Insights

How to stay creative: Learning from kids

November 11, 2019

What would be the most important skills you would like your kids to have in the future? While machines are taking over many manual and high-level tasks, design skills are likely to be in high demand among us humans. For example, the Future of Jobs Report 2018 by World Economic Forum shows that innovation, creativity, and emotional intelligence are among the skills that will have a growing demand in 2022.

How to teach design thinking for kids?

So how can we teach kids to be curious, compassionate and creative? When people discuss this it’s often forgotten that children already have these skills – the problem is that it’s very easy to lose them while growing up. I understood this when organizing a design workshop for 30 kids in the Finnish Science Center Heureka on October 16th.

In the workshop, called Idean Kids Academy, children aged 9 to 12 were offered a chance to practice empathy and creativity with design professionals. Focusing on the topic of the Circular Economy, the kids were challenged to design a new home that uses resources like energy and water in an efficient way.

Concepts like Circular Economy and Design Thinking can be confusing even for adults, so we wanted to use easy words and tangible examples in this workshop. I admit that as a designer it’s easy to stick with my professional jargon so this was a good wake-up call to think about what kind of language I’m using when workshopping with adults, too.

Use familiar examples to tell a story

First, we talked a little about the concept of a Circular Economy. We wanted to use a familiar example, like a chair, to tell a story about the topic. Currently, people and companies use this linear approach, which reduces a lot of capital: You produce a chair, use it and when it breaks you ditch it and buy a new one. Because this approach can’t work long-term, we should rethink and redesign products and components, and move towards a Circular Economy model: We use good-quality materials and produce the chair in a sustainable way. When using the chair we should think do we really need to buy a new chair? Or could we, for instance, rent it or share it with others? When the chair breaks we’ll fix it and if it can’t be fixed anymore we can use the parts as material for something else, maybe even a table. And this way, the cycle starts again from the beginning.

Circular chair.001

Design Process = Design Path

When talking about Design Thinking, we workshop facilitators talked about a Design Path instead of a design process. The Design Path was based on a common design process consisting of four different steps, with the workshop organized around these. First, we introduced three easy to empathize with characters, each with common challenges related to using materials and resources in a sustainable way. One challenge was about re-using water, one about saving electricity and another about re-using plastic. Second, kids had to choose one challenge and brainstorm ideas on how to solve it. During the day kids were also able to turn their ideas into reality by building prototypes with their hands and practice communicating complex ideas by presenting their prototypes to others.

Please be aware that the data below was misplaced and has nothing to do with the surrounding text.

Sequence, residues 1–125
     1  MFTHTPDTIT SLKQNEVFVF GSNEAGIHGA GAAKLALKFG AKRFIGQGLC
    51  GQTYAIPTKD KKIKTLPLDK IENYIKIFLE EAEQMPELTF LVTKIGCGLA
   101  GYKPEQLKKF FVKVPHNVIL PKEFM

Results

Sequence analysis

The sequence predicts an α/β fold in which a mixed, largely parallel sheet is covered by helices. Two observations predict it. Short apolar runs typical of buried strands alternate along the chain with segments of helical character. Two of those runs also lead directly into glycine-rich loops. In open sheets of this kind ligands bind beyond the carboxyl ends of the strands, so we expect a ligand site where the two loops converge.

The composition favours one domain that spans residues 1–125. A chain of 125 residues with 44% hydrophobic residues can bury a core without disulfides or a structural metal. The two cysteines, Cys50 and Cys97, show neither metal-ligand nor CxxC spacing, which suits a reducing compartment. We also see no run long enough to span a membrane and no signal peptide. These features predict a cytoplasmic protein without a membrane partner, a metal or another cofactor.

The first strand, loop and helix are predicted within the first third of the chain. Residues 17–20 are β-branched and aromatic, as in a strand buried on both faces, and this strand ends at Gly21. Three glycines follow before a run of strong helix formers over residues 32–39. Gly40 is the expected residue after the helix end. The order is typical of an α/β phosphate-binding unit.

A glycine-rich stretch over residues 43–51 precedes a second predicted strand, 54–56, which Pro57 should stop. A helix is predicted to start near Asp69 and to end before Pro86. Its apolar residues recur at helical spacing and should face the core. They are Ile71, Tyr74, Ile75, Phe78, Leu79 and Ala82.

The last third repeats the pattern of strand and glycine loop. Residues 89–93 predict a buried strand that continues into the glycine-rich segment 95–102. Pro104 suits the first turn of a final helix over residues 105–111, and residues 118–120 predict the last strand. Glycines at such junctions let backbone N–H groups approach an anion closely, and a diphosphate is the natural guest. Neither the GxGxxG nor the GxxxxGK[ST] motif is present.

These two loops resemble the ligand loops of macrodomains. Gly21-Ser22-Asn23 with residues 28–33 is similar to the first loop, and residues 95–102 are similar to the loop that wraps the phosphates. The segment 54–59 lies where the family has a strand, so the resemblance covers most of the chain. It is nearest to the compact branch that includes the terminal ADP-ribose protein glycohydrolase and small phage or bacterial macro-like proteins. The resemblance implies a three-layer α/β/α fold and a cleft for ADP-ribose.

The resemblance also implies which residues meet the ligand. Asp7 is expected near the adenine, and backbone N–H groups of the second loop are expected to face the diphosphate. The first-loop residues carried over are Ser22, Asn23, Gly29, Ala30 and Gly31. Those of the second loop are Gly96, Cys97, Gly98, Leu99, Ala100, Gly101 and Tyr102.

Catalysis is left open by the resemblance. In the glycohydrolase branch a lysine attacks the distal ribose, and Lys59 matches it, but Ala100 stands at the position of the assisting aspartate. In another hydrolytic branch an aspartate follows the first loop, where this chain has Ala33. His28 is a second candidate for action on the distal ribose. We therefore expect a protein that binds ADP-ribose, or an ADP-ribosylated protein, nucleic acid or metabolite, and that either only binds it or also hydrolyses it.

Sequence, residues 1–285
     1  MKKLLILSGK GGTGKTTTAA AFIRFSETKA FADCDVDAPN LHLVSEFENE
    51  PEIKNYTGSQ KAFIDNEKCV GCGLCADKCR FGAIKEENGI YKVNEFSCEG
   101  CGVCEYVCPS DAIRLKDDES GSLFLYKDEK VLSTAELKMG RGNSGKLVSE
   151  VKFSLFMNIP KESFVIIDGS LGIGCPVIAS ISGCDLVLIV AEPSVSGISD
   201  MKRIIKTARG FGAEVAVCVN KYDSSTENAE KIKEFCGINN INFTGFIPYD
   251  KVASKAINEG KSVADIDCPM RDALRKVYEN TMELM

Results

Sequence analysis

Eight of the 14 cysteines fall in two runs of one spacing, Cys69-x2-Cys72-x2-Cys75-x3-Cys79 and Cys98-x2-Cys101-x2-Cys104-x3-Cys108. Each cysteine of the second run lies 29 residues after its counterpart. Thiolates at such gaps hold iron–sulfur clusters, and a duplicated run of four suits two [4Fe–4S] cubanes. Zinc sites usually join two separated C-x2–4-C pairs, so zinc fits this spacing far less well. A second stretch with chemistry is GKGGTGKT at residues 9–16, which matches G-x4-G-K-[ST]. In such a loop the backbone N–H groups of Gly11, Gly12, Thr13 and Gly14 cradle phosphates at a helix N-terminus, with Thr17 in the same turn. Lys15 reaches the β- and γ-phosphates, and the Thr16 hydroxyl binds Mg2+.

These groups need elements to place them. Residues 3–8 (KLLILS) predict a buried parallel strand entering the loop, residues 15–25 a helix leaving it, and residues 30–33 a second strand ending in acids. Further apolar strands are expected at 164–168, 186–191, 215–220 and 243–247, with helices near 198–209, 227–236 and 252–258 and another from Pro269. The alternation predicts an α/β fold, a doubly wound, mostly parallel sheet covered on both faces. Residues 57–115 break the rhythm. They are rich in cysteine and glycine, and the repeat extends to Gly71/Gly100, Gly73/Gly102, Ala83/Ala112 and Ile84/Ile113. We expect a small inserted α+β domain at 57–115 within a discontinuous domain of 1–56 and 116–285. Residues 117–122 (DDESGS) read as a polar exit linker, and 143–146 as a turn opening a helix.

Design path

Creativity needs to be nurtured

My intention for the day was to teach kids but the day was also a learning experience for me – or as a designer, at least a good reminder for why design thinking approach and practices work so well when you have to redesign or come up with something new.

First of all, in a workshop, it’s crucial to make the participants feel safe. Creating an environment of trust is necessary so that people feel that it’s safe to brainstorm ideas.

Secondly, for some kids, it was natural to come up with ideas by drawing and writing. However, some of the kids actually found their creativity when they started to build a prototype. This is a good reminder of why thinking with your hands works so well.

The most interesting learning for me, however, was to see how easy brainstorming was for the younger kids. They just started throwing out ideas and didn’t worry about their ideas being stupid. On the other hand, the older kids were more self-conscious and it took much more time for them to warm up. I tried to emphasize the fact that at this step there were no bad ideas but it took some time and quite a lot of guidance before these kids started to ideate.

I think this tells about how easy it is to lose one’s confidence in expressing creativity. Young kids are creative by their nature but creativity is something that needs to be nurtured in kids – sadly the world we live in doesn’t really encourage us, adults, to use our imagination, come up with new ideas and especially not to share our wildest ideas with others.

Lessons learned:

  1. Ensure enough time for different practices to create an environment of trust – it’s easier to be creative when you feel safe
  2. Some people like to brainstorm ideas on paper, some with their hands
  3. It’s easy to lose confidence in expressing one’s creativity while growing up – design thinking helps to nurture creativity!

Practicing design activities can help kids to nurture creativity. In design workshops, kids can also learn skills such as critical thinking, collaboration, self-expression, and compassion. These skills are vital to success at school and beyond but also critical in order to re-think and re-design products and components and move towards a Circular Economy. If we think these skills are important for future adults, we definitely should teach design thinking for kids.

Written by Minna Rissanen. Illustrations by Chan Luu and Elisa Mykkänen. Video by Petri Heiskanen